Ah, the ancient mysteries of life. Why are the popular people popular? What's different about them--what makes them special? In The Wish, award-winning author Gail Carson Levine (Ella Enchanted, Dave at Night) explores the age-old question with a simple premise: a girl who is granted one wish by an old lady on the subway wishes to be "the most popular kid at Claverford." As is the fate of many who are granted only one wish, Wilma doesn't think through her wish carefully enough. While she is now adored by boys and girls alike, she is a mere three weeks away from graduating from Claverford. At Elliott, her next school, she'll be back to her lowly, oft-ridiculed self. Tension builds for Wilma until her graduation-night dance, the night before her popularity--and maybe even her relationship with her wonderful new boyfriend--will invariably come to a screeching halt. This fun, witty, insightful novel thoroughly examines the nature of "popularity," and what it means to be true to yourself. It's not just because of the old woman's spell that Wilma ponders, "'To thine own self be true.' But who was mine own self? That's what I wanted to know." Wilma is a funny, smart, no-more-awkward-than-most character with whom young readers of all social echelons will identify completely. When her popularity runs out (and the spell does end), her true friendships remain, and she's left standing on her feet.(Ages 9 to 12)|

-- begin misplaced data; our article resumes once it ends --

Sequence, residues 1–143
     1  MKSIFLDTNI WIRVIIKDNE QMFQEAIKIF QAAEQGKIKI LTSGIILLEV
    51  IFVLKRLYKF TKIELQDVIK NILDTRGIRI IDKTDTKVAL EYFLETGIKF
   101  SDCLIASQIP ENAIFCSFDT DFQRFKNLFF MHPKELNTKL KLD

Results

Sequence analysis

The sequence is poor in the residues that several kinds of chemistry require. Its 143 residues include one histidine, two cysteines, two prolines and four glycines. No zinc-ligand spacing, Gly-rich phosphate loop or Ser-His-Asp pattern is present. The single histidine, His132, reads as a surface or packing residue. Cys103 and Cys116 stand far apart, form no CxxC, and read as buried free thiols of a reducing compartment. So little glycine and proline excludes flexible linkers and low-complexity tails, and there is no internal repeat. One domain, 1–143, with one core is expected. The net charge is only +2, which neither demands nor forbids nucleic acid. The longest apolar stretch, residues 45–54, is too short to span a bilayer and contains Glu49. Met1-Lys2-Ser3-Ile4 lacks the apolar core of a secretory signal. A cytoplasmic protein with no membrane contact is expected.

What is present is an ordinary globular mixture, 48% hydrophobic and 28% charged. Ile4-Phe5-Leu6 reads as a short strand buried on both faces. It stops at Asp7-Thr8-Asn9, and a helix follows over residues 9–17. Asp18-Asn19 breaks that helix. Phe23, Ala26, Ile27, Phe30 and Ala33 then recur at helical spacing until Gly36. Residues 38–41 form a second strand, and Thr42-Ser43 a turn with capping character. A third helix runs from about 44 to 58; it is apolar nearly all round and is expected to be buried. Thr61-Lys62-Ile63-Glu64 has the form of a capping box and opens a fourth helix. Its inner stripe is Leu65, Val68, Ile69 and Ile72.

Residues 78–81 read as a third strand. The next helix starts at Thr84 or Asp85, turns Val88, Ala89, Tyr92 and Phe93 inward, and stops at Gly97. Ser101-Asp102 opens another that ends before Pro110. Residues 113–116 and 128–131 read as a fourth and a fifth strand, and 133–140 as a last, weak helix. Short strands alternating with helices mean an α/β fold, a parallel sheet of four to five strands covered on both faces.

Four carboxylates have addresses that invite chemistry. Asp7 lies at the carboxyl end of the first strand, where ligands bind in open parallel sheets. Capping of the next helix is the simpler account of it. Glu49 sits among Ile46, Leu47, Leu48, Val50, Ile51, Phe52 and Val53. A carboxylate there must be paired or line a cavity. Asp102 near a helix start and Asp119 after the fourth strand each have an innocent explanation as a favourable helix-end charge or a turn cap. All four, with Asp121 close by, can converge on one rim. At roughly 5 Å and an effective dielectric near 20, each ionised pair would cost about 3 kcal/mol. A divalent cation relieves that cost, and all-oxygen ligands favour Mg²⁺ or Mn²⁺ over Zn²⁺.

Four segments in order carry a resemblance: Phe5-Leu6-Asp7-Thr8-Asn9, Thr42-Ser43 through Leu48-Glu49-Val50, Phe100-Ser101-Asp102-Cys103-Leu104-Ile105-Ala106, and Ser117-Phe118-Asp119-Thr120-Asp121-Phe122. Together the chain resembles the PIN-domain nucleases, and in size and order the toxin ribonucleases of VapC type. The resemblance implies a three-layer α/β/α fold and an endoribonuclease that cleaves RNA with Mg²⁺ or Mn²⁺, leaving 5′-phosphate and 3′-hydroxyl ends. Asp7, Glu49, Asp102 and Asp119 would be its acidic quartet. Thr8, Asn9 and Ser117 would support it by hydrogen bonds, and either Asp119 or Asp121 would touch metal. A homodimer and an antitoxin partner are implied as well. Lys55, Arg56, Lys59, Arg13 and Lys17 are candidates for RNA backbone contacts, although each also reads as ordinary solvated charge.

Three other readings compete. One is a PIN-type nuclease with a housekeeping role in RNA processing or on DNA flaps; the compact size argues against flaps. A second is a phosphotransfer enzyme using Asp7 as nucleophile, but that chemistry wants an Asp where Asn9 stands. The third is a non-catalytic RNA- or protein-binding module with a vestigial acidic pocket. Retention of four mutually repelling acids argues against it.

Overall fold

Source: Karin Snelson, Amazon.com.
There's nothing wrong with Wilma Sturtz. She's perfectly nice. But nobody cares about nice at Claverford, her middle school. Wilma is left out, forgotten, ignored -- until she meets an extraordinary old lady who grants a wish: for Wilma to be the most popular kid in school. Presto! Everything changes. Now Wilma has more best friends than she can keep track of and forty dates to the Graduation Night Dance; and someone is writing her love poetry. What more could she want? Nothing! But will it last? How can Wilma make sure she is never unpopular again?
From Gail Carson Levine, author of the Newbery Honor book Ella Enchanted, this modern-day fairy tale shows a very real girl in a very unusual predicament, and along the way it reveals some painful truths about whether or not we really want to be liked for who we are.